You) and Avery and Hart (Down Among The Sugar Cane). Sadly,
after WW1, Smith stopped writing. He lived in an apartment in Harlem's
St. Nicholas Avenue, in seclusion and neglect till his death at age 70.
Music by: Jerome D. Kern
Lyrics by: Herbert Reynolds
Cover artist: unknown
Jerome Kern is one of America's greatest songwriters and this song may
well be his best. Without question it is one of his most enduring hits
and one that has been sung by almost every singer of note, yes, including
Judy Garland. It also happens to be his first hit song, presaging many
years of outstanding songs. Starting in 1911, Kern had written several
stage productions, all of which were not successful. In 1914 however,
he hit paydirt with The Girl From Utah, an adaptation of an English operetta.
He wrote eight songs for the production, three of which were limited successes
by themselves. This one though was an unqualified masterpiece.
On hearing it, the great Victor Herbert said, "this man will inherit
my mantle." (No humility there.) The song was a huge hit and was
published in a number of different wrappers like this one shown here with
a portrait as well as the original show version (above). The "cast"
cover above, shows portraits of Julia Sanderson and below her, Donald
Brian. They premiered the song in he original production. In the 1946
Kern film biography, Till The Clouds Roll By, it was sung by Dinah Shore.
Mario Lanza and Kathryn Grayson sung it in the 1949 movie, That Midnight
Jerome Kern (b. Jan. 27, 1885, New York City, d. Nov. 11, 1945,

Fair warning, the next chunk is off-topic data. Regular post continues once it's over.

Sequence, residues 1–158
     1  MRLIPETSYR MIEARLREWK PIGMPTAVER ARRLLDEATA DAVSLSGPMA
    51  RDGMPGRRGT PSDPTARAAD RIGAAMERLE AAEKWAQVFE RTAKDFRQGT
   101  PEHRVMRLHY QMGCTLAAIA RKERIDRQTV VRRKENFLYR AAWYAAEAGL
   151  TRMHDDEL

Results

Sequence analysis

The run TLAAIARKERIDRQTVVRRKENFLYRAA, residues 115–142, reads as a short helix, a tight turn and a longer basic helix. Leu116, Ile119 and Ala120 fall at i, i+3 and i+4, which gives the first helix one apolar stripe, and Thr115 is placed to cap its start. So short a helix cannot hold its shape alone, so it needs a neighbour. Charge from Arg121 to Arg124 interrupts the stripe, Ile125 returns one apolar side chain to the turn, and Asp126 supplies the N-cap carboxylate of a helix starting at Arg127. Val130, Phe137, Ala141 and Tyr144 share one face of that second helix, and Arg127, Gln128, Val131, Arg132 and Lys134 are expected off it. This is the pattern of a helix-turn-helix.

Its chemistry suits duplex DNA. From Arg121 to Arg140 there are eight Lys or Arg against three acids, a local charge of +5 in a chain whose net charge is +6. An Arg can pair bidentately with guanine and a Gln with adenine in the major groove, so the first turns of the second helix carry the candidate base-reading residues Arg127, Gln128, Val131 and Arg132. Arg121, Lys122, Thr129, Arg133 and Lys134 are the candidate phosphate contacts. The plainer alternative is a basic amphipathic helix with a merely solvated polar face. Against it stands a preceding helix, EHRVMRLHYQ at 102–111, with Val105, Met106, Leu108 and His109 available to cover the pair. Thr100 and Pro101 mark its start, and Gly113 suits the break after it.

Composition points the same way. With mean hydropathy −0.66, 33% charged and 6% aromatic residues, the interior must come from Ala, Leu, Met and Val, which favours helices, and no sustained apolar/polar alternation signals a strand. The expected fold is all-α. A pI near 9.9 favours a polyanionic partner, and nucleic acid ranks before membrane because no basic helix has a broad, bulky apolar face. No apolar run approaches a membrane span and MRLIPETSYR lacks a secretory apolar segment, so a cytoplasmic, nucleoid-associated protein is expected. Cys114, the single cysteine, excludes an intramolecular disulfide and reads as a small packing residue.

New York City) Kern was one of the most important pioneering composers
of American Popular Song, Jerome Kern was writing for Broadway shows in
1904 (age 19). He wrote his first complete score for a Broadway musical
in 191l. The Kern/Hammerstein score for the musical Showboat
was a landmark in the Broadway theater. He starting writing for Hollywood
as early as 1935. After his last Broadway show Very Warm For May,
Kern wrote exclusively for motion pictures. During 1913, Kern and other
composers and lyricists were experimenting, in the small Princess Theater
in New York, with American subjects for musicals. Kern's first big hit
was They Didn't Believe Me from the 1914 show The Girl from
Utah. In 1919, Kern had a minor hit with the song Ka-Lu-A,
with lyric by Anne Caldwell. The huge success of that year was the song
Dardanella (midi). Kern
used the bass line of Dardanella in his Ka-lu-a, and
the publishers of Dardanella sued him. The case went all the
way to the Supreme Court where Kern eventually lost. (He was never accused
of plagiarizing the melody, only of using the Bass Line.) That case was
a landmark for copyright interpretation and protection. Several other
hit shows followed in the late 1910's and twenties before his biggest